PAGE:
Thanksgiving Day is not always easy for me as a vegan. When I adopted a plant-based diet 16 years ago, it changed how I viewed Thanksgiving and what this holiday means to me. I feel incredibly sad about the lives of animals lost for this one meal, especially when there are many delicious, plant-based, cruelty-free alternatives.
I still look forward to the shared meal with family. But now my scrumptious dishes are made from the plant kingdom. And I try to view this day as a celebration of values such as compassion, appreciation, and gratitude.
Here are some ideas for enjoying a compassionate Thanksgiving:
- Rather than eating a turkey, “adopt” one. Farm Sanctuary (which has shelters in New York State and California) offers the option of symbolically adopting a rescued turkey by making a small donation. The funds provide food and care for turkeys living at the shelter. Farm Sanctuary sends a certificate that includes a picture and the story of your adopted turkey.
- Visit an animal sanctuary. Some sanctuaries offer special events near Thanksgiving, such as Farm Sanctuary’s annual Celebration for the Turkeys. At this wonderful event, visitors enjoy quality time with the turkeys and other animal residents, along with staff, speakers, and other visitors who are committed to creating a just, compassionate, and sustainable food system.
- Enjoy an abundant feast from the plant kingdom. Try out vegan versions of your traditional favorites. This year, rather than cooking, my husband and I decided to order the Thanksgiving meal offered by a local vegan restaurant, In past years, we created delicious dishes such as roasted garlic mashed potatoes; shitake mushroom gravy; sweet potato biscuits; cranberry-orange relish; maple-glazed Brussels sprouts; and chocolate “cream” pie.
- Discover new recipes. If you aren’t sure where to get started with creating your own vegan feast, check out these recipes:
- Consider a meat alternative. Gardein, Tofurky, and Field Roast offer plant-based holiday roasts you can enjoy. These options can provide a satisfying centerpiece to the meal. Or create a home-cooked main dish for your centerpiece, such as stuffed butternut squash.
- Connect with your reasons for eating plant-based. Some of us go plant-based for health, others for ethical or environmental reasons. I was influenced by all of these considerations, but have stayed committed due to compassion for all sentient beings. Approximately 46 million turkeys are bred and killed each year in the US for Thanksgiving alone. Commercially raised turkeys are bred to be much heavier than wild turkeys, live in confined conditions, and are slaughtered at only 12 to 19 weeks old. Taking in these realities (and discovering the abundance of delicious, healthy plant-based options) made me realize that I no longer wanted or needed to participate in this.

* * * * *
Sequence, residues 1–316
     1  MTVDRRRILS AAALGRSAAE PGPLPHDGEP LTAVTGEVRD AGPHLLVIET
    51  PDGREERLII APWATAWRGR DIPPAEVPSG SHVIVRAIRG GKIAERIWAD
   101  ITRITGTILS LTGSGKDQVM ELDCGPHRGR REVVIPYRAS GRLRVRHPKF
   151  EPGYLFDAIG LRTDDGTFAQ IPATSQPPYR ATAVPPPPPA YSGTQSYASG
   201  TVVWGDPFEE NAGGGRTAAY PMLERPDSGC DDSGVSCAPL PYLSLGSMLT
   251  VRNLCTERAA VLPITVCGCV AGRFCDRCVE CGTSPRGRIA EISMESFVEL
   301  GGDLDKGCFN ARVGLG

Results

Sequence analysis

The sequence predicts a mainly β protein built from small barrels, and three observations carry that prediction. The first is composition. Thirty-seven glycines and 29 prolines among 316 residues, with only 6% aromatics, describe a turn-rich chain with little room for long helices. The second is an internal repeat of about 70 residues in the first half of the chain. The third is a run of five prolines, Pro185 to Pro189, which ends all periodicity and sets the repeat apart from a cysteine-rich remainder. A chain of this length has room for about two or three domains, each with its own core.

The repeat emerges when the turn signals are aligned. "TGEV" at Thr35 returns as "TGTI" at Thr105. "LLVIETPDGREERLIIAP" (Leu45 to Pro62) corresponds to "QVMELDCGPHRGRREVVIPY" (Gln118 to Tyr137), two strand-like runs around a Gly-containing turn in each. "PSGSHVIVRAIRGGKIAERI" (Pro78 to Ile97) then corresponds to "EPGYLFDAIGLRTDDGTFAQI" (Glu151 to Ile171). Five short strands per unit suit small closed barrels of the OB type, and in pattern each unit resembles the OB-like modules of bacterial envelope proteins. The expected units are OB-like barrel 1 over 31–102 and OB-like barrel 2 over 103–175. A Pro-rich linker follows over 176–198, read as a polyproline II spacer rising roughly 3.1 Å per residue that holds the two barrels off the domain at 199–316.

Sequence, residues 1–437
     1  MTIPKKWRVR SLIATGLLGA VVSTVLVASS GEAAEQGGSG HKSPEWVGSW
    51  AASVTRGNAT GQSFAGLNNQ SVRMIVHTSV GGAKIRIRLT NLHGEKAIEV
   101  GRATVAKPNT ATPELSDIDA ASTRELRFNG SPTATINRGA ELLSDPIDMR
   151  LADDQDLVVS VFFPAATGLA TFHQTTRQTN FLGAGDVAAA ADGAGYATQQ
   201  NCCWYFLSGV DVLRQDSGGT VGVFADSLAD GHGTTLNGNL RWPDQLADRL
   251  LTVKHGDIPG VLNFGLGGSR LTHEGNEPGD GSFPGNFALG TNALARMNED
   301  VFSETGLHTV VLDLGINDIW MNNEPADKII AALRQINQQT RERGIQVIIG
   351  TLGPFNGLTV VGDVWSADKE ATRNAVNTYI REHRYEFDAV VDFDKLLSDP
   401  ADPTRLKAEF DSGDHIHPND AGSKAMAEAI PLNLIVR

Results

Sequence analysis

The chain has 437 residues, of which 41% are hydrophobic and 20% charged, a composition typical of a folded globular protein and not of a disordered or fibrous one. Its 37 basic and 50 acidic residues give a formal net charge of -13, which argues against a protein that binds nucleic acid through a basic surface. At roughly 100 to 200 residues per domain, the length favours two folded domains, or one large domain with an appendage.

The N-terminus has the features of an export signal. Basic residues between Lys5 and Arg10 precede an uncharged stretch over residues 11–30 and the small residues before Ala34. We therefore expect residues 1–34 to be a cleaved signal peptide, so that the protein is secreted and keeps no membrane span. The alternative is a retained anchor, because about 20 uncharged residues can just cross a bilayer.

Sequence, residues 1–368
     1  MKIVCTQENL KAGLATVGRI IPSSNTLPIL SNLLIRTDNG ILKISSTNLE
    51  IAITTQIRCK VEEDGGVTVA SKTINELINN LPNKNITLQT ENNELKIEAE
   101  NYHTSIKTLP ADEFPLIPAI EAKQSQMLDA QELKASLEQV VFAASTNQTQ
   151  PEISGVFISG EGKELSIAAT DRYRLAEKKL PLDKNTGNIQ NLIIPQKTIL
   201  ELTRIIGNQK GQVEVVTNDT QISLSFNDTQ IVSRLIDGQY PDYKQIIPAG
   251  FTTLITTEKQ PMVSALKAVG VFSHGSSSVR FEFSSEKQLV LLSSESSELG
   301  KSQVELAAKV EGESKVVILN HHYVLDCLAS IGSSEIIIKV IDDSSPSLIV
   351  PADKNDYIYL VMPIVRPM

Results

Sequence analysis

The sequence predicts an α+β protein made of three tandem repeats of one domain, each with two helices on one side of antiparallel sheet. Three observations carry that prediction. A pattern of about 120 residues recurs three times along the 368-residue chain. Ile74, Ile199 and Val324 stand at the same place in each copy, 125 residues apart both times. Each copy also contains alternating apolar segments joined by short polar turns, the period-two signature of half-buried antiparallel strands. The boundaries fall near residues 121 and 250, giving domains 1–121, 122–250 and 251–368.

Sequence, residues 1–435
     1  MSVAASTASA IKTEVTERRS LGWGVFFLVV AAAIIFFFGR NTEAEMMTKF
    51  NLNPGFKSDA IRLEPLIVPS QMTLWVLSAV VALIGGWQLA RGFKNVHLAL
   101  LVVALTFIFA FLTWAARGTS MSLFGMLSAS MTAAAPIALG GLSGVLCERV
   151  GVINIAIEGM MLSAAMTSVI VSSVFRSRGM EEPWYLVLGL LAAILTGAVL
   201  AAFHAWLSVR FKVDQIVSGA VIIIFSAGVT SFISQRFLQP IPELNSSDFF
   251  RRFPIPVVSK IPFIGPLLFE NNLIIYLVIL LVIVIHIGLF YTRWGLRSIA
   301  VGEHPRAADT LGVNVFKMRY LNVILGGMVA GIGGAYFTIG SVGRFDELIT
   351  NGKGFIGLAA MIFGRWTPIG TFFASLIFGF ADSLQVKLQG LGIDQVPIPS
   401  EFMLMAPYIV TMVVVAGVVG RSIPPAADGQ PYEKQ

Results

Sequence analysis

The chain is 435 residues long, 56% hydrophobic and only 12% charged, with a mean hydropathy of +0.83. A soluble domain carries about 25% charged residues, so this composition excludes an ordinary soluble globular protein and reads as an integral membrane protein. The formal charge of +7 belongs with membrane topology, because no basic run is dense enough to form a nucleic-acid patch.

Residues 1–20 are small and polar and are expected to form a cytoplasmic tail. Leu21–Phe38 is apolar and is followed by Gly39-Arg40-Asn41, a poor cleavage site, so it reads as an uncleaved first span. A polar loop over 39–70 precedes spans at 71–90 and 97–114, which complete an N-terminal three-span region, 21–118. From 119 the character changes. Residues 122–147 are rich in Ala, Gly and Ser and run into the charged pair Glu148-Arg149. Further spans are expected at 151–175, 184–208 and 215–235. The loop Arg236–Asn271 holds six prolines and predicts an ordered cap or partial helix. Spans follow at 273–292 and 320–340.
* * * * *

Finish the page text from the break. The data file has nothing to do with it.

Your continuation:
- Consider what Thanksgiving means to you. Take time to explore your deeper meaning for the Thanksgiving holiday. Many of us follow old traditions out of habit, rather than making a conscious decision about how we want to enjoy our holidays. This year may be a perfect year to reevaluate your holidays, what they mean to you, and how you want to celebrate them. Maybe you will want to keep some old traditions, modify others, and create new ones.
- Take care of yourself emotionally. For many vegans, holidays and social events that center around animal-based foods can be difficult. You may feel like you don’t fit in, now that you eat differently than the majority of people around you. And you may feel sadness, despair, or anger about animal suffering. Decide the best way for you to navigate the holidays, whether that means not attending a holiday gathering, or deciding to attend and bringing lots of great vegan food you can share. Check out my Vegan Communication Resource Guide for books, videos, and articles to help you with coping and communication strategies.
- Practice gratitude. Thanksgiving is a time to appreciate all the blessings in your life, and to share that appreciation with others. Even in the midst of what is a challenging time for so many, we all have reasons for gratitude. There are many health and psychological benefits of making a daily practice of acknowledging our blessings.
- Make kind and compassionate purchases. One way of appreciating our blessings is to pass them on to others. In addition to donating time or money to causes that we care about, we can extend compassion to sentient beings and to workers by researching fair trade, cruelty-free, sustainable, and health-promoting choices for our food and gift purchases. Our decision to extend compassion to others is a win-win situation, because ultimately it brings more health, fulfillment, and joy back to us.
WISHING YOU AND YOUR LOVED ONES A HEALTHY, JOYFUL, AND COMPASSIONATE THANKSGIVING!
Note: This article was revised and updated from Vegan Thanksgiving published on 11/25/2020 and Enjoying a Vegan Thanksgiving published on 11/22/2021.
Angela Crawford, Ph.D. is a psychologist, transformational coach, and vegan lifestyle educator.
2 thoughts on “Vegan Thanksgiving 2022”
Yes l love your comments to thanksgivings to animals compassion. What I did to the people from the Vegetables seeds sharing project that provides them with seeds to plant hence to go Vegan. Look forward to working together . Keñneth.
Thank you for your feedback, Kenneth! I love how you are offering vegetable seeds as a way to support people in their transition to a compassionate, vegan way of living.